Controversy Flares over New York Archbishop’s Visit to the Mideast
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Controversy Flares over New York Archbishop’s Visit to the Mideast

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A diplomatic controversy has flared over New York Archbishop John Cardinal O’Connor’s visit this week to the Middle East. He is in Jordan on an official visit meeting with King Hussein, but his visit to Israel is a private one. The Vatican and Israel have no diplomatic relations.

Last-minute changes in O’Connor’s itinerary in Jerusalem, which appear to shun any official contacts, have dampened enthusiasm for the Catholic leader’s scheduled arrival Thursday.

O’Connor will not meet with Israel’s President Chaim Herzog, Prime Minister Yitzhak Shamir, Foreign Minister Shimon Peres and Jerusalem Mayor Teddy Kollek in their offices but has asked to meet with them privately in their homes, according to reports over the weekend.

Israeli leaders said Sunday they will not meet O’Connor if he insists on seeing them outside of their offices.

He also declined a tour of Christian holy places in Jerusalem with Kollek, designed to show the Cardinal investments the city has made in restoring and preserving such sites, the reports said. The changes are apparently designed in part to avoid recognizing Jerusalem as the capital of Israel.


Officially, O’Connor claimed he had to cut short his visit because he was scheduled to be in Rome January 6 to attend the appointment of a new Auxiliary Bishop for New York, William McCormack.

The scheduled changes have disrupted the delicate relations between Jerusalem and the Archbishop, who first prompted an official invitation to visit Israel after making statements last summer in the press sympathetic to Palestinian nationalism.

“Somehow, a homeland has to be provided for the Palestinian peoples,” O’Connor told a New York Times reporter upon his arrival in Rome in June. “But from a moral perspective, those people have to be given a homeland. Otherwise everything spills over into every area and that has to result in a very volatile situation. So I think that’s imperative.”

In efforts to show O’Connor the problem from an Israeli perspective, Peres, who was then Prime Minister, extended a personal invitation to O’Connor when the two met in New York in October.

Now, some Israeli and American Jewish officials say, it might have been better to cancel the visit rather than face a diplomatic controversy over O’Connor avoiding official contacts.


Meanwhile, officials here and in Israel have been careful not to criticize O’Connor, saying the changes were directed by the Vatican in Rome.

Rabbi Ronald Sobel of Temple Emanu-El, a friend of O’Connor’s, said that although O’Connor would not be going to Israel as an official envoy of the Vatican, there was much hope of improving relations between Israel and the Holy See.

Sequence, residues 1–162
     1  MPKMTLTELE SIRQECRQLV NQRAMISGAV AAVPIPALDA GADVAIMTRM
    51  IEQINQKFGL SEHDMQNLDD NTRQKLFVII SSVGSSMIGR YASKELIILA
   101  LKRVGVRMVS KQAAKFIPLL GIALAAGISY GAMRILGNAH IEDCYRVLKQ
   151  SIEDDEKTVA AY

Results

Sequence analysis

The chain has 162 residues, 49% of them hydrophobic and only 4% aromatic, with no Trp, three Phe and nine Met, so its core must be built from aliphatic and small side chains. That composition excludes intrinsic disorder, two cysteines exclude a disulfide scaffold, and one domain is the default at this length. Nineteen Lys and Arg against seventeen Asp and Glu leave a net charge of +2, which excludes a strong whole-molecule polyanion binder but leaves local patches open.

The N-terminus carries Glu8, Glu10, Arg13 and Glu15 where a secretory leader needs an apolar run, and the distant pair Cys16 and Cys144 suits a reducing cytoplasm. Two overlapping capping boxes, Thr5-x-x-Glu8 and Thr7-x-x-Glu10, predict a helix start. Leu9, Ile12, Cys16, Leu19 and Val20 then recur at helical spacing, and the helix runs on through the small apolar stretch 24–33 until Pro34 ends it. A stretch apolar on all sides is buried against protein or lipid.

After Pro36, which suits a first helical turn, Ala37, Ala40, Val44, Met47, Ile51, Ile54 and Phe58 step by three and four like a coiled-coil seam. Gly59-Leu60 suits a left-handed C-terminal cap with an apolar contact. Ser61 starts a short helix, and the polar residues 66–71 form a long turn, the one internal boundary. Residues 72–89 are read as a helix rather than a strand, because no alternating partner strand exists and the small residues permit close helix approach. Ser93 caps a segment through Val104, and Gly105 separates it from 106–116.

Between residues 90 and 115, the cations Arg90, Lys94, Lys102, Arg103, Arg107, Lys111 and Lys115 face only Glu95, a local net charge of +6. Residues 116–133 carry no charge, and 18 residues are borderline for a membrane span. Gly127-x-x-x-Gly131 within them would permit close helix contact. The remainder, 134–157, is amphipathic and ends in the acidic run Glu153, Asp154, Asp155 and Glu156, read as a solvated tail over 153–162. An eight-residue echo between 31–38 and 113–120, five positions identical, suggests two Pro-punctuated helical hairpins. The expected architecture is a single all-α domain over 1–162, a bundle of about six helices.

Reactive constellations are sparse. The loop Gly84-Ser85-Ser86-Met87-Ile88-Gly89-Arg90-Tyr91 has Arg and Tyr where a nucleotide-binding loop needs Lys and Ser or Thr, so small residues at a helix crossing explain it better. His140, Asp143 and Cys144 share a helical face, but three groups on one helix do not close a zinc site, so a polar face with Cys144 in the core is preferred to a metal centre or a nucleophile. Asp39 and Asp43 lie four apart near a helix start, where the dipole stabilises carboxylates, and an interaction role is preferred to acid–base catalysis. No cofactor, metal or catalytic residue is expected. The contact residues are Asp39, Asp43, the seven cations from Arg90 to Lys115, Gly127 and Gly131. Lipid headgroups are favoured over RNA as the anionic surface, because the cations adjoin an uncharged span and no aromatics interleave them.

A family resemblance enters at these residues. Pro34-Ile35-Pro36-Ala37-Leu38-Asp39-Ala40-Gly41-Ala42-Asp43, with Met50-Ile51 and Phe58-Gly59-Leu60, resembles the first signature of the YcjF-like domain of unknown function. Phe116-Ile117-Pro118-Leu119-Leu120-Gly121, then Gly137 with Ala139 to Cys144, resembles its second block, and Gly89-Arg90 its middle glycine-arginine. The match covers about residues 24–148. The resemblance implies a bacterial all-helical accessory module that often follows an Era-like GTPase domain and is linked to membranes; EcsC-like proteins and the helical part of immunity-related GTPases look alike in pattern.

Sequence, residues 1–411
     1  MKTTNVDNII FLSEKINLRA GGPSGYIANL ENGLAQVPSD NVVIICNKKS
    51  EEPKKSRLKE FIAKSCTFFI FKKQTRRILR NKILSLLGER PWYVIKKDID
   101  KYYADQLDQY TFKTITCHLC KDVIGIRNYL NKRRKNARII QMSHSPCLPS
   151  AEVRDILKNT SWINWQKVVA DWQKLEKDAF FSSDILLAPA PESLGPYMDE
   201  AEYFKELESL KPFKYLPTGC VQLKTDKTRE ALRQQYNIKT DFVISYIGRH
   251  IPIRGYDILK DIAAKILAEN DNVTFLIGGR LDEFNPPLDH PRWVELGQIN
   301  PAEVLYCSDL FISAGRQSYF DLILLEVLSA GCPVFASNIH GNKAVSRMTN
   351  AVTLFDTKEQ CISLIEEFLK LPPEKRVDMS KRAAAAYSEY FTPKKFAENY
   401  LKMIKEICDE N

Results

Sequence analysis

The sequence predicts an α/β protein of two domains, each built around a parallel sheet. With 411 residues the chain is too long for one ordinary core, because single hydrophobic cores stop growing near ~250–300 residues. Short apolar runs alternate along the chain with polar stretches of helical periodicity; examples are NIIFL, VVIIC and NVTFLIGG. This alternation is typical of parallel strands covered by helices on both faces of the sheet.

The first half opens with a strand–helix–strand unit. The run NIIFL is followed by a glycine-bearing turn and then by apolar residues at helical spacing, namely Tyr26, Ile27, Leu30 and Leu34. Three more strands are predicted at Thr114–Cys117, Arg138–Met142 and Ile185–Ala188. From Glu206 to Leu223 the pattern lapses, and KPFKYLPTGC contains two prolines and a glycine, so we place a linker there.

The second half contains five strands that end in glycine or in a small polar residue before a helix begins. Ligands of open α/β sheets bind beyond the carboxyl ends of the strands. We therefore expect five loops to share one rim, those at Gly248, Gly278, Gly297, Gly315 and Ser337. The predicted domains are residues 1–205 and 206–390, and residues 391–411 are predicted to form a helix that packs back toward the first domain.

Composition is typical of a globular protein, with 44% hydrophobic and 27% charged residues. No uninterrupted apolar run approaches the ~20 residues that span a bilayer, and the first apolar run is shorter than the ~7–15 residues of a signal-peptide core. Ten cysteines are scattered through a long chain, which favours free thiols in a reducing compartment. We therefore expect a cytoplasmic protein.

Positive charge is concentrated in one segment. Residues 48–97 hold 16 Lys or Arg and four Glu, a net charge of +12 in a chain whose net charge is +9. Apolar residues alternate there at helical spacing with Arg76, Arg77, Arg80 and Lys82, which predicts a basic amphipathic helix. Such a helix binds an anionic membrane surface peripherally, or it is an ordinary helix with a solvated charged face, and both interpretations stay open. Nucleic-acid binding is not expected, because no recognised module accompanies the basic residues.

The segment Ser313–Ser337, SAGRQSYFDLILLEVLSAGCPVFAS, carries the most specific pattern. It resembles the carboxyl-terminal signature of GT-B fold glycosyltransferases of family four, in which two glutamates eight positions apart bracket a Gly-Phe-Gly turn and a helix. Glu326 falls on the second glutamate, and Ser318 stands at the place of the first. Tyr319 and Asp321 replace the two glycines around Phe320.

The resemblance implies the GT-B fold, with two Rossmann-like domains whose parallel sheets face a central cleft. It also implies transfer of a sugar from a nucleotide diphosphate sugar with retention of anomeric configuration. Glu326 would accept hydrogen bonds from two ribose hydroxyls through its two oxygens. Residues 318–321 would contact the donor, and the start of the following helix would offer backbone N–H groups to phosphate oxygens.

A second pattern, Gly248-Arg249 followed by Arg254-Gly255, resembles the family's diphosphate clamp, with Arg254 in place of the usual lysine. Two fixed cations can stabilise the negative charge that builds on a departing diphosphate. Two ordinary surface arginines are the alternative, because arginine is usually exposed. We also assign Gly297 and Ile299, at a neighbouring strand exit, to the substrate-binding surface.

“These latest events lead one to sadly conclude that perhaps it would have been better had the trip not been planned at all at this time,” Sobel said.

Nathan Perlmutter, National Director of the Anti-Defamation League of B’nai B’rith, agreed that O’Connor would have been better off to not have scheduled his visit under these circumstances.

“The Vatican has embarrassed John Cardinal O’Connor and itself more than it embarrasses Israel. The Vatican’s long-expressed and genuine concern with theological anti-Semitism is welcome. But its concern is compromised by this kind of cynical, political gamesmanship,” Perlmutter said.

Rabbi Alexander Schindler, president of the Union of American Hebrew Congregations, said it was disappointing that O’Connor would snub Israeli leaders immediately following an official reception by Jordan’s King Hussein.


Seymour Reich, president of B’nai B’rith International, said, “It is a simple question of equal treatment. If the Vatican permits Cardinal O’Connor to be received by the King of Jordan I cannot see why he is apparently barred from calling on the President of Israel.”

Morris Abram, chairman of the Conference of Presidents of Major American Jewish Organizations, said:

“We regard Cardinal O’Connor as a friend but Israel is right to expect that it be dealt with as any sovereign state should be. A prince of the church cannot make a private visit to Israel when he makes an official visit to Israel’s neighbor, Jordan. I still hope that an equitable solution can be found with good will so that Cardinal O’Connor’s visit to Israel will be a wholly successful one.”

O’Connor, who left New York Saturday for Amman, Jordan, arrived there Sunday. He will travel overland, crossing the Allen by Bridge to Israel on Thursday. He had to cancel a scheduled stop in Egypt for the ceremony in Rome.

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